Take the 2-minute tour ×
Stack Overflow is a question and answer site for professional and enthusiast programmers. It's 100% free, no registration required.

I guess, normally people would be aiming to make their programme behave like this, but in my case this is completely opposite from what I want.

Somehow, my MySQL database is able to read different accented characters as identical. For instance, shī, shí, shǐ, shì and shi are all the same thing to it. When I search for one, I’ll get the others as well. Proofpic:

smart SQL

This is not what I want, since for me those values are very different. Basically, the query on the pic must return empty rows, because there is no a single entry in that table with shi (without an accent).

My tables type is InnoDB, collation is utf8_general_ci.

share|improve this question
Sounds like the best approach would be that you create your own collation and specify comparison rules, or try out collations that aren't utf8_general_ci. Personally, I've no idea which collation would suit you so let's hope someone with more knowledge will suggest a different collation. –  N.B. Aug 18 '11 at 12:41

1 Answer 1

up vote 2 down vote accepted

Use utf8_bin collation. You don't have to change collation of entire column, you can just use it on per query basis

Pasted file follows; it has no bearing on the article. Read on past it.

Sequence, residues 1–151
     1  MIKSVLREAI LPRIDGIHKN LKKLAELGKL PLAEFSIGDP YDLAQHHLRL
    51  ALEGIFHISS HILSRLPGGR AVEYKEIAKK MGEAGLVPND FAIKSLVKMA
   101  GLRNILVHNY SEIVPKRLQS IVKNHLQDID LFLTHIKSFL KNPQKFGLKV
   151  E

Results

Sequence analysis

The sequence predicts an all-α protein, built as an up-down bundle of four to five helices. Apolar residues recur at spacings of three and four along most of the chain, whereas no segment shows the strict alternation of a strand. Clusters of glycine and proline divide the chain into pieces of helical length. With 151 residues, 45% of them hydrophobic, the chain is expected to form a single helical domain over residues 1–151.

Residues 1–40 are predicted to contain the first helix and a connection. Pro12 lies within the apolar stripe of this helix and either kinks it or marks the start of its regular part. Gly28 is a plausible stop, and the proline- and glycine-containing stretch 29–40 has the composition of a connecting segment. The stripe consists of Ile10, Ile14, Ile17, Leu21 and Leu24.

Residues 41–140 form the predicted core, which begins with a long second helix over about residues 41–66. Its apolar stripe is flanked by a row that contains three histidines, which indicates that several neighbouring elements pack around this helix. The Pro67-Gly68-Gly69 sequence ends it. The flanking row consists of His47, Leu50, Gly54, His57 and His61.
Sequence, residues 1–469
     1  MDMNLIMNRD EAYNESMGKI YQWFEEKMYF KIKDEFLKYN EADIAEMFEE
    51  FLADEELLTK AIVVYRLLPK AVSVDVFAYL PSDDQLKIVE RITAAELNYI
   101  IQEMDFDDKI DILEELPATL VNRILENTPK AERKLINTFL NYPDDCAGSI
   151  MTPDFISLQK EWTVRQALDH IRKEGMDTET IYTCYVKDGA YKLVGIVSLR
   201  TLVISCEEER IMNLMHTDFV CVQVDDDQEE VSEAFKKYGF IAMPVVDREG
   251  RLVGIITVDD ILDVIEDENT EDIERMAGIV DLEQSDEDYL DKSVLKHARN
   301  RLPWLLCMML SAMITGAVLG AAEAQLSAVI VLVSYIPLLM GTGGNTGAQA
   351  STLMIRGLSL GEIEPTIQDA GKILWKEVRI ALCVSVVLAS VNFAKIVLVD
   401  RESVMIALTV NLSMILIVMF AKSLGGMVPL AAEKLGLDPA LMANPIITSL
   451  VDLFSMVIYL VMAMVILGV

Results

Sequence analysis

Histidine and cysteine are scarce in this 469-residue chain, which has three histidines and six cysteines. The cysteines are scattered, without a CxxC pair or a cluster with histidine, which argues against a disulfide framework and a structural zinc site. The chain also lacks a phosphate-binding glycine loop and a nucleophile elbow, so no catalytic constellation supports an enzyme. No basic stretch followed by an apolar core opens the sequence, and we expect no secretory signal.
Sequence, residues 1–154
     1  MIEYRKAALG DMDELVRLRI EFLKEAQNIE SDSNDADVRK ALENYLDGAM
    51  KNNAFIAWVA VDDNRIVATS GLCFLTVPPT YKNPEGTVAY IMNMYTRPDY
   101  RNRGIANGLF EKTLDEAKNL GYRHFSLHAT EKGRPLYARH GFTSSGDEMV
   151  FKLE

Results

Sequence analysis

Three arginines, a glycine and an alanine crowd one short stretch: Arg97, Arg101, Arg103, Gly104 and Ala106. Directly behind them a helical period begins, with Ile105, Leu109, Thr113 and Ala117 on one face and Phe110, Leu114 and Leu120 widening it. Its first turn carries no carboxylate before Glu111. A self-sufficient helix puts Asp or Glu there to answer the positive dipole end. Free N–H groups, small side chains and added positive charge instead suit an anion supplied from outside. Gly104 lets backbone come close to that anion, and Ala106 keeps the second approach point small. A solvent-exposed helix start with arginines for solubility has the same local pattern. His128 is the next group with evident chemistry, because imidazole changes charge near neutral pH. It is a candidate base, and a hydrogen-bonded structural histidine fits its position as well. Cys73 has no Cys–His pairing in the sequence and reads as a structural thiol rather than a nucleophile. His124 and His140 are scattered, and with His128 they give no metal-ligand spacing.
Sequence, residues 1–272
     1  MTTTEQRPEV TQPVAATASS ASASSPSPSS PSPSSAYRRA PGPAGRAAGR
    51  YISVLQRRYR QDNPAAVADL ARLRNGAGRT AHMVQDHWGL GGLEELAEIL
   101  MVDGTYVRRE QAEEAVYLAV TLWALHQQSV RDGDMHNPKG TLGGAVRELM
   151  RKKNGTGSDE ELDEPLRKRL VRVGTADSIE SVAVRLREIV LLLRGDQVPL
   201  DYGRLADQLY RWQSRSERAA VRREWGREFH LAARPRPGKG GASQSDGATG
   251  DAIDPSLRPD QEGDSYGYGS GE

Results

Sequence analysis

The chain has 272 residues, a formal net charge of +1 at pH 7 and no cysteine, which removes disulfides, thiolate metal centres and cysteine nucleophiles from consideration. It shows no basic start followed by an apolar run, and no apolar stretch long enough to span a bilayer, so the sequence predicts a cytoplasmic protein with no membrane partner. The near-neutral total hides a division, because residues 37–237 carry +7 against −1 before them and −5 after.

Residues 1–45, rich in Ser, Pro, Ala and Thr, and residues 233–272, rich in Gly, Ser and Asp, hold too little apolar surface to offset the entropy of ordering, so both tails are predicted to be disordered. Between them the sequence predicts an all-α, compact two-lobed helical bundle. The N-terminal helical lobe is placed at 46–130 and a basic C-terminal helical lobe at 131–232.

WHERE `pinyin` = 'shi' COLLATE utf8_bin

You can also experiment with different collations which might work better for you (utf8_bin works on binery level, so even if two unicode characters with different byte codes are the same, it will see them as different).

share|improve this answer
Thanks, it works when I add COLLATE utf8_bin to my query. However, if I change the collation of the table itself and run my first query (without the collation definition), it still displays all different accented characters. –  Arnold Sakhnov Aug 18 '11 at 12:55
Are you changing a collation of the table, or of specific column? Remember, a collation of table is just the default collation that will be used if any new columns are added. –  Mchl Aug 18 '11 at 12:58
Right! Of course, I was only changing the table collation, not the column collation. It all works great now. Thank you. –  Arnold Sakhnov Aug 18 '11 at 13:01

Your Answer


By posting your answer, you agree to the privacy policy and terms of service.

Not the answer you're looking for? Browse other questions tagged or ask your own question.